The term tricyclic refers to the chemical structure of this family of medications. The TCAs were the first known antidepressants, and their immediate effect on the brain is with the neurotransmitters serotonin and norepinepherine. Some act more strongly on one than on the other and some affect both quite strongly.
The TCAs, which were once widely prescribed, have been largely replaced by the safer SSRIs, SNRIs and other more recent additions to the growing list of available antidepressants. Through their effect on the heart, TCAs can be highly lethal in an overdose, essentially they slow the electrical conduction in the heart, and in high enough doses will cause cardiac arrest.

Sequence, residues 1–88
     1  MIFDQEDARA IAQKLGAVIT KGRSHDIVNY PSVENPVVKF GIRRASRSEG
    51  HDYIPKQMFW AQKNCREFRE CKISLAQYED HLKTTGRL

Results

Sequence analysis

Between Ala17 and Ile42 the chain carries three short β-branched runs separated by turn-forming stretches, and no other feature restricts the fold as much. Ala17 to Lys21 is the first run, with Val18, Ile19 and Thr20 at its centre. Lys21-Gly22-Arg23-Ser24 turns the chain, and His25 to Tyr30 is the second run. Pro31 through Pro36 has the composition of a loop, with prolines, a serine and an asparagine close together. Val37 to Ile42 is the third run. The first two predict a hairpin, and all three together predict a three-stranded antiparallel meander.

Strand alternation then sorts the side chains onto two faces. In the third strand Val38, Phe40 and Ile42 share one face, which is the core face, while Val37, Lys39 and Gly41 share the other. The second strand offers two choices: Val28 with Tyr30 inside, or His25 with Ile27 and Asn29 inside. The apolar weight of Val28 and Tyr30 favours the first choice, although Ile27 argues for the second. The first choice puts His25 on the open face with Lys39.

TCAs also carry a heavy side effect burden that includes weight gain, constipation, blurry vision, sedation, urinary retention, and mental slowing. In bipolar disorder TCAs are well known to trigger manic, hypomanic, and mixed episodes. They are rarely used, but when someone is faced with a severe depression that has not responded to multiple other medications, a TCA might be considered.